One element of this symmetry is the parallel development of Tom and Sophia. Indeed, the accidents of chance that throw their paths together— such as Sophia’s encounter with Jones’s guide and Jones’s discovery of Sophia’s wallet (two happenstances which themselves balance symmetrically at either end of the middle section)—ultimately work in the structure of the novel as they reflect on one level comparisons that are valid at deeper levels. Similar balances on either side of the Upton fulcrum are clear in focusing attention on similar aspects of Tom and Sophia: the comparable stories of the Man of the Hill and Mrs. Fitzpatrick have been frequently noted and analyzed, but in addition Sophia’s incomplete revelation to Mrs. Fitzpatrick recalls Jones’s similar revelation to Partridge; the landlord’s supposition that Sophia is Jenny Cameron echoes Partridge’s false impression of Jones’s politics; and Sophia’s loss of 100 pounds corresponds to Jones’s loss of Allworthy’s gift (and Jones’s supposed honesty contrasts with Black George’s supposed dishonesty, just as his purposelessness at finding himself virtually penniless contrasts to the purpose he finds along with Sophia’s pocketbook). In themselves these and other such parallels have different values: some merely suggest interesting similarities, others can be analyzed in detail. Taken together, they reveal the richness of texture in the central books, and a single chapter, looked at in some detail, can indicate the pervasiveness of these parallels and their functions in relating the stories of Tom and Sophia to each other.
Chapter viii of Book XI, for example, deals with two major events—Mrs. Honour’s violent reaction to the discovery that her landlord has mistaken Sophia for Jenny Cameron (“that nasty stinking wh—re that runs around the country with the Pretender”) and the arrival of a “noble peer,” a friend of Mrs. Fitzpatrick who offers room in his coach to take the ladies to London. Both of these episodes have slight significance in the causal sequence of the novel, but both strongly recall Sophia’s relation to Jones. Honour’s language to the landlord (“‘My lady!’ says I,” . . . is meat for no Pretenders. She is a young lady of as good fashion, and family, and fortune as any in Somersetshire,” . . .) is reminiscent of her anger at the landlady who had earlier carried on about Tom’s proclaimed love for Sophia (“‘What saucy fellow,’ cries Honour, ‘told you anything of my lady?’ ‘No saucy fellow,’ answered the landlady, ‘but the young gentleman you enquired after, and a very pretty young gentleman he is, and he loves Madam Sophia Western to the bottom of his soul.’ ‘He love my lady! I’d have you know, woman, she is meat for his master.’ ” . . .). Fielding extends this comparison by explaining Honour’s motives in terms of a footman who fought for the honor of Nell Gwynn, but the analogy has reference to Sophia as well as Honour because the comparison to Jenny Cameron is symbolically appropriate to Sophia. Like Jenny Cameron, she is beautiful and ladylike, but furtive and fearful of discovery; and Jones is a metaphoric equivalent to the Pretender, at least insofar as he is a pretender to the love of Sophia and all that means in terms of social position and moral rectitude. But the reader learns, from the arrival of the “noble peer,” that the landlord’s suspicion of the ladies’ romantic situation, though inaccurate in specific detail, is accurate in other respects which Sophia is unaware of. Harriet’s description of her relationship to this gentleman echoes Sophia’s incomplete account of her escape from her father, as well as the similar Jones-Partridge exchange in VIII, v and vi, while the peer’s conclusion that Sophia, like Mrs. Fitzpatrick, is also escaping the tyranny of a husband recalls both the landlord’s mistake and the several mistakes at Upton. The culmination of the chapter comes in Harriet’s comment that the peer, a married man, is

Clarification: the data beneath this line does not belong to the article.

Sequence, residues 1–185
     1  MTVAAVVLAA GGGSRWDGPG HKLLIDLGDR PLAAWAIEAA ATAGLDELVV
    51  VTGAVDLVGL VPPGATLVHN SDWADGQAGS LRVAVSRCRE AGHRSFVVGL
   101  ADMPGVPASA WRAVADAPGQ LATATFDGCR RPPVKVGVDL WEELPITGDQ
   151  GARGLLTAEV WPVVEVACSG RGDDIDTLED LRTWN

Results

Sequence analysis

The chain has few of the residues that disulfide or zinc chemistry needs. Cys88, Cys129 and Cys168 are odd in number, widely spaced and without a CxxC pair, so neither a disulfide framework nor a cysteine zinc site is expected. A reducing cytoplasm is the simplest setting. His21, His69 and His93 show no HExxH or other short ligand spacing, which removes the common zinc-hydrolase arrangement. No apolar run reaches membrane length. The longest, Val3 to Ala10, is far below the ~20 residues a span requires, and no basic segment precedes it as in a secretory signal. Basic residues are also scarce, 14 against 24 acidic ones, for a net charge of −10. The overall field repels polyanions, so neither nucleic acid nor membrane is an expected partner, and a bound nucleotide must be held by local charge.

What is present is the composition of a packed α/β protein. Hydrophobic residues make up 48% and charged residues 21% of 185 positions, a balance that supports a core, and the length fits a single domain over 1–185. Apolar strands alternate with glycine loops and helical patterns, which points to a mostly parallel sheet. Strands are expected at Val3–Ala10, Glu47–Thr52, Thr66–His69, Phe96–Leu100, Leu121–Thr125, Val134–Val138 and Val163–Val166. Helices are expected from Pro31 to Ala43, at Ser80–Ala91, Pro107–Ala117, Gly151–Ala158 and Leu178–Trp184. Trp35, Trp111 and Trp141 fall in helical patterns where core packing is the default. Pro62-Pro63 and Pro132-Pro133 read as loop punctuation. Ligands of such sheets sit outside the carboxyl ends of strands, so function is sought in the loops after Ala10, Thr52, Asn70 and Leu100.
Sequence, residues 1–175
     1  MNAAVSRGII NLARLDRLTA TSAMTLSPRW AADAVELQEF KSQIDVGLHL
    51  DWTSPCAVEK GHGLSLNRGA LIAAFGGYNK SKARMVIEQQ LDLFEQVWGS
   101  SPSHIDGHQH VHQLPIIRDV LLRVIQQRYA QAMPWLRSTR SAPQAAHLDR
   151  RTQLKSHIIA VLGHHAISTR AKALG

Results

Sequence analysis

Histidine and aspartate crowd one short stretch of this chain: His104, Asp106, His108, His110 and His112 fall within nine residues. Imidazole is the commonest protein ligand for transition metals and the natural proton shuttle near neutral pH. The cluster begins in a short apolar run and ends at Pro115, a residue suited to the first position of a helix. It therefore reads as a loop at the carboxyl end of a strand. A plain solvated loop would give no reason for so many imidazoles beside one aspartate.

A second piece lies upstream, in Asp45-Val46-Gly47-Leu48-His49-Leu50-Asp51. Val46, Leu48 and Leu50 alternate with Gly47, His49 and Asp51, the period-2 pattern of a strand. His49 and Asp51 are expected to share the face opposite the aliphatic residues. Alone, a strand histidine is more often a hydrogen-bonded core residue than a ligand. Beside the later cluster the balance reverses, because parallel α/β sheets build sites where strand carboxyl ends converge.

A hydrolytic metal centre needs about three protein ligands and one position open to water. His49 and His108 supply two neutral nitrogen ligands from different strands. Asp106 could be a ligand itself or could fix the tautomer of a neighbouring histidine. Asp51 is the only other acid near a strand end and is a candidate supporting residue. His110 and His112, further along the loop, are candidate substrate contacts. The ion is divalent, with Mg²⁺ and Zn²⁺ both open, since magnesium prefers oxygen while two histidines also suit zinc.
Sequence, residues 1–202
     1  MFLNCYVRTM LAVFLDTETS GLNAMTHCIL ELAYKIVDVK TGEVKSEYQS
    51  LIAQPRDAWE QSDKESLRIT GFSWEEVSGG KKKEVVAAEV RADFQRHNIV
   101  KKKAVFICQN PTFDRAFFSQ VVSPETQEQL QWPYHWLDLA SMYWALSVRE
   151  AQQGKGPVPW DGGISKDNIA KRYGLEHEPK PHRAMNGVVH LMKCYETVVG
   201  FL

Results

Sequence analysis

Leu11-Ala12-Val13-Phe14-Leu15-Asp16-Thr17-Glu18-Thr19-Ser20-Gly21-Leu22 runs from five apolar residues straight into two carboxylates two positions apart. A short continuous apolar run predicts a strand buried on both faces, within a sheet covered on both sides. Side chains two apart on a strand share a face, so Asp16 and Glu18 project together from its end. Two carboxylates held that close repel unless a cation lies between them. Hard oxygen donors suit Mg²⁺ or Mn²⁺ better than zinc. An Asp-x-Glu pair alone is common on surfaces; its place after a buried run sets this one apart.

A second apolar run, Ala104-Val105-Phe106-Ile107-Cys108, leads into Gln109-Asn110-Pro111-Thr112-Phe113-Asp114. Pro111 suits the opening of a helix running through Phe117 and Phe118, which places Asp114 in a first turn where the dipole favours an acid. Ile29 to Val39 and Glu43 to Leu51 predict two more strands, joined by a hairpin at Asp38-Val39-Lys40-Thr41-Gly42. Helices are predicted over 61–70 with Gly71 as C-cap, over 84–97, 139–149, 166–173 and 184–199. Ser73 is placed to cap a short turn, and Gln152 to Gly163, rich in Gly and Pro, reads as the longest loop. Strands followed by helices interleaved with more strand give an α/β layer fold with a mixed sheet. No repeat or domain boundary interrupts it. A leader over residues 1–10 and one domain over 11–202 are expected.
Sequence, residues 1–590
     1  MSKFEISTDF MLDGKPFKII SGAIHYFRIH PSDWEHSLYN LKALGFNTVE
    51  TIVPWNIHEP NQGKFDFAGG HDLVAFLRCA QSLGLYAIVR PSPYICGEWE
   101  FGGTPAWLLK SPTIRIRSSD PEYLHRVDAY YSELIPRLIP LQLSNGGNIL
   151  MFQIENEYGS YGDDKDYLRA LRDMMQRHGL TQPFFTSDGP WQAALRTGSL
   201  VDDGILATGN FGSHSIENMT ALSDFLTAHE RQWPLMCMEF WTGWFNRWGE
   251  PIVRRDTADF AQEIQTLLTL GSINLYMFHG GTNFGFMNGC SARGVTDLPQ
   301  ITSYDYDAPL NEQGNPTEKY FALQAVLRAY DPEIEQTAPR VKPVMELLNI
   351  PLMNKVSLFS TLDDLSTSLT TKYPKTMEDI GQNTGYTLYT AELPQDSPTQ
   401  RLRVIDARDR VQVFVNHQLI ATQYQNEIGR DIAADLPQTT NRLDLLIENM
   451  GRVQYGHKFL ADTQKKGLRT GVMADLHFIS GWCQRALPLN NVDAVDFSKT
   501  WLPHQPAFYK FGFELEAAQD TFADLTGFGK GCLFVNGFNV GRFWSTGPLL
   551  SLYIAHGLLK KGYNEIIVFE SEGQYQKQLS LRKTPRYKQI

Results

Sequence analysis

entirely constant to the marriage bed. “Indeed,” added she, “my dear Sophy, that is a very rare virtue amongst men of condition. Never expect it when you marry; for, believe me, if you do, you will certainly be deceived.”
A gentle sigh stole from Sophia at these words, which perhaps contributed to form a dream of no very pleasant kind; but as she never revealed this dream to anyone, so the reader cannot expect to see it here.
The chapter ends, then, by reinforcing Tom’s relevance to the incidents of the chapter, themselves parallel in nature, by the strongest parallel in Sophia’s mind.